the room, I now have much more space. I'm therefore kicking
around the idea of adding a hexagon or octagon shaped tank
with a center overflow to the middle of the room. If I do
this, I'll most likely plumb it into the main system to benefit
from an increase in overall tank water volume. I'm envisioning
a lookdown, low profile tank for overhead viewing of clams
and SPS corals. I believe I can do this with little or no
additional energy required, by utilizing the current equipment.
I'll have to give this some more thought, though.
Left rear of tank
Right rear of tank
The sump is a 55-gallon acrylic tank
that I altered by adding baffles to prevent micro-bubbles
from making their way to the main return pump. Water from
the tank's prefilter boxes is routed to, and enters, the sump
at the right side through a 100-micron filter sock. In this
same chamber of the sump, the skimmer's pump inlet pulls in
this "dirty" water and returns the skimmed water
just beyond the first baffle. The chiller's coil is also located
here in the high current flow to maximize its efficiency.
In addition, the effluent return from the calcium reactor
drips into an acrylic cup that I made, which houses the pH
probe for monitoring. I added an acrylic tube to this cup
that sends the overflow of effluent water down to the skimmer's
pump inlet. This aids in the removal of some excess CO2
and prevents the overall system's pH from dropping.
Diagram of the sump.
Just after this area of the sump is an over-under-over baffle
system, followed by the fragment grow-out area where I grow
mostly SPS fragments under a 150-watt metal halide lamp. I
keep a few pieces of live rock here, and it contains a three-inch
deep sand bed. Finally, two 250-watt heaters are located in
the return-pump inlet chamber at the far left.
A Knop HD calcium reactor with a do-it-yourself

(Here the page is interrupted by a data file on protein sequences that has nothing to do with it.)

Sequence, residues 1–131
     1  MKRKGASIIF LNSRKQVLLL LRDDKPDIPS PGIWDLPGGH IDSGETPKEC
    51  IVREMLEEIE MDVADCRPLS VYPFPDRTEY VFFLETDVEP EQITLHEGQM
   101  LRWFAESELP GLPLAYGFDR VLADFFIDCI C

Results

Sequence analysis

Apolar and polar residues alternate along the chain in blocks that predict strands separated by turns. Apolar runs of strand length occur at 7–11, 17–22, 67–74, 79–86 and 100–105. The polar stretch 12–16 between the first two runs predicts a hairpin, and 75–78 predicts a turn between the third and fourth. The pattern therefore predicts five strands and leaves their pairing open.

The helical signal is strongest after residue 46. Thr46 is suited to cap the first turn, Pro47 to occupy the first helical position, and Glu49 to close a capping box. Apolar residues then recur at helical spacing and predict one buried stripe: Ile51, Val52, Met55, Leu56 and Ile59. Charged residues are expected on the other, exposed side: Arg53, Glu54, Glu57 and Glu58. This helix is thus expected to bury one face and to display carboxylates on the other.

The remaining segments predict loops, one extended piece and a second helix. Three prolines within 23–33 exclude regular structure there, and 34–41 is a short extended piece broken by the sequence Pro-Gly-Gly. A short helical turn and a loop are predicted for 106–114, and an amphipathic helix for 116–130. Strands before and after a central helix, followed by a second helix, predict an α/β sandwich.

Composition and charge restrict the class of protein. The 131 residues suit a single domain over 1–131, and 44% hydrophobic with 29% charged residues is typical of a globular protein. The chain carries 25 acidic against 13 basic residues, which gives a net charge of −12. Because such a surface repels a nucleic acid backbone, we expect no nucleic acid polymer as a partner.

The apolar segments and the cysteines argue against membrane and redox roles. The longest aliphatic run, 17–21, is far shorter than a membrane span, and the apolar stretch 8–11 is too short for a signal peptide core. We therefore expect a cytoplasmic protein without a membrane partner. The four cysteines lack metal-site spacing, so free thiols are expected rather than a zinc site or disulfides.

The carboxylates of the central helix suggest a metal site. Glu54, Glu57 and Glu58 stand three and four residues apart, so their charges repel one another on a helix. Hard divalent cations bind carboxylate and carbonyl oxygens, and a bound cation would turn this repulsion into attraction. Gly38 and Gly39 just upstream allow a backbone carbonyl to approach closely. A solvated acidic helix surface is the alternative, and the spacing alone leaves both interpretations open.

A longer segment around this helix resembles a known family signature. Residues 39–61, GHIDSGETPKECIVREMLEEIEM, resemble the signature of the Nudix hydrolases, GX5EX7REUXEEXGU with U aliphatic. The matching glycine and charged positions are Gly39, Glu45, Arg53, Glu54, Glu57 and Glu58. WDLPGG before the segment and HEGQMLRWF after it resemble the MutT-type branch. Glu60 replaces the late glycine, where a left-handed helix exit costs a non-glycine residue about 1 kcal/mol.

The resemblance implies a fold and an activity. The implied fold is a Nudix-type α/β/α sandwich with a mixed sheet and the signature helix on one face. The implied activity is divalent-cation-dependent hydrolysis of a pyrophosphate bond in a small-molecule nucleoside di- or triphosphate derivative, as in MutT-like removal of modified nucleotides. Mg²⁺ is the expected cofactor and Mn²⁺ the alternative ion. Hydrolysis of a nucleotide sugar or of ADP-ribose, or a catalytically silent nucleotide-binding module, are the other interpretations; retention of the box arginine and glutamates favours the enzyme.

second chamber as well as a Kalk-reactor I created (right)
provide calcium and trace element additions. I also dose ESV
magnesium as required. The calcium reactor's second chamber
was added to help scrub off some CO2
and keep it from driving the tank's pH too low, as well as
to add more calcium. The Kalk-reactor is fed RO/DI water from
the reservoir and added to the tank to replace evaporated
water through a Kent float valve. This is driven by gravity
as the reservoir is located near the room's ceiling. All water
added to the tank for evaporation make-up or by saltwater
water changes is filtered through a SpectraPure reverse osmosis
system with dual stage deionizer filters. A 20-gallon reservoir
is mounted to the wall directly above the water filter system
and houses a mechanical device I devised to reduce TDS creep.
This is the process in which impurities (dissolved
solids) are passed through the filters during the RO/DI startup
time just after having been in an "off" state. If
a RO/DI filter cycles on and off many times in a short period,
these impurities can accumulate to undesirable levels. This
RO/DI filter anti-cycling device allows the reservoir to fill
completely in one cycle and then completely empty prior to
the RO/DI starting up again.
To mix fresh, water-change saltwater,
I use a 50-gallon Rubbermaid trash (photo left) can
with a heater mounted inside and an Iwaki pump with a venturi
on its output. This simultaneously circulates the water within
the container, injects air and heats the water to the tank's
temperature. I use a second trash container to measure the
proper amount of tank water to be removed. With plumbing installed
between the two containers, I can mix fresh saltwater, remove
the proper amount of water from the tank, then pump the freshly
made saltwater into the tank to replace what was removed,
and finally pump the old water out of the second container
into the sink drain (see photos below). The whole process
takes approximately 15 minutes once the new saltwater is properly
mixed and ready for use.
The tank's water temperature is monitored
and controlled by a Neptune AquaController. The temperature
is based on a seasonal table that varies daily. Winter months
are lowest at 78°F and summer peaks run as high as 81°F.
I run an Aqua Logic 1/3 HP drop-in coil chiller for cooling
and four 250-watt EboJager heaters, two in the sump and one
in each of the prefilter boxes for heating.
Cowry (species unknown).
The water flow in the tank is provided
by two different systems. The first is two independent closed-loop
systems driven by Iwaki 55 pumps on opposing six-hour rotations.
From 6 AM to noon, the left closed-loop is on, which pulls
water from the right side of the tank and fires back into
the tank through a Penductor at the left side of the tank.
Then from 11:45 AM to 6 PM, the right closed-loop comes on
and pulls from the left side of the tank and returns through
a Penductor at the right side. Finally, from 5:45 PM to midnight,
the left closed-loop is turned on once again. They are both
off from midnight to 6 AM, so there is calm within the tank,